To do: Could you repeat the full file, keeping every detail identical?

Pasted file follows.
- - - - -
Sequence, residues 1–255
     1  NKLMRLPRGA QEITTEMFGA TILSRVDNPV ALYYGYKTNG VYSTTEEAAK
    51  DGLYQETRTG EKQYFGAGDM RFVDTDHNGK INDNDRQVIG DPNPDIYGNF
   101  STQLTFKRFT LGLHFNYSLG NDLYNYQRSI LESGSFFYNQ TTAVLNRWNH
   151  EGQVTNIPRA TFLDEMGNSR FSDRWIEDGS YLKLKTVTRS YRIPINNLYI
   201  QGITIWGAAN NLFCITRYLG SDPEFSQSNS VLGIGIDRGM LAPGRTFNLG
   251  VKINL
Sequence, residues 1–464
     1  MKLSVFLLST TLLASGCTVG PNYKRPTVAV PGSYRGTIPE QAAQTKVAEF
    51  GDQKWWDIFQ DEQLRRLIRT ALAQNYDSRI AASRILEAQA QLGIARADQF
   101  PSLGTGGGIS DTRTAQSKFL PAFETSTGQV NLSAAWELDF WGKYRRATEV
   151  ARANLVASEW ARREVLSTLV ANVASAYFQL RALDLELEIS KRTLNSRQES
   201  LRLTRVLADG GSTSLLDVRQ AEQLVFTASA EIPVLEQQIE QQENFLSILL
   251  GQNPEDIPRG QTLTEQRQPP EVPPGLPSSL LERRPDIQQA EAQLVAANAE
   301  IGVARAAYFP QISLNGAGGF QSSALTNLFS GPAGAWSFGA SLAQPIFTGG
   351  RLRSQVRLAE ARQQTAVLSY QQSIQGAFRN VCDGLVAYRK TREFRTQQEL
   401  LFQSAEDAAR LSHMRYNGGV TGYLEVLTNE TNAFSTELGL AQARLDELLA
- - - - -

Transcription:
Sequence, residues 1–255
     1  NKLMRLPRGA QEITTEMFGA TILSRVDNPV ALYYGYKTNG VYSTTEEAAK
    51  DGLYQETRTG EKQYFGAGDM RFVDTDHNGK INDNDRQVIG DPNPDIYGNF
   101  STQLTFKRFT LGLHFNYSLG NDLYNYQRSI LESGSFFYNQ TTAVLNRWNH
   151  EGQVTNIPRA TFLDEMGNSR FSDRWIEDGS YLKLKTVTRS YRIPINNLYI
   201  QGITIWGAAN NLFCITRYLG SDPEFSQSNS VLGIGIDRGM LAPGRTFNLG
   251  VKINL
Sequence, residues 1–464
     1  MKLSVFLLST TLLASGCTVG PNYKRPTVAV PGSYRGTIPE QAAQTKVAEF
    51  GDQKWWDIFQ DEQLRRLIRT ALAQNYDSRI AASRILEAQA QLGIARADQF
   101  PSLGTGGGIS DTRTAQSKFL PAFETSTGQV NLSAAWELDF WGKYRRATEV
   151  ARANLVASEW ARREVLSTLV ANVASAYFQL RALDLELEIS KRTLNSRQES
   201  LRLTRVLADG GSTSLLDVRQ AEQLVFTASA EIPVLEQQIE QQENFLSILL
   251  GQNPEDIPRG QTLTEQRQPP EVPPGLPSSL LERRPDIQQA EAQLVAANAE
   301  IGVARAAYFP QISLNGAGGF QSSALTNLFS GPAGAWSFGA SLAQPIFTGG
   351  RLRSQVRLAE ARQQTAVLSY QQSIQGAFRN VCDGLVAYRK TREFRTQQEL
   401  LFQSAEDAAR LSHMRYNGGV TGYLEVLTNE TNAFSTELGL AQARLDELLA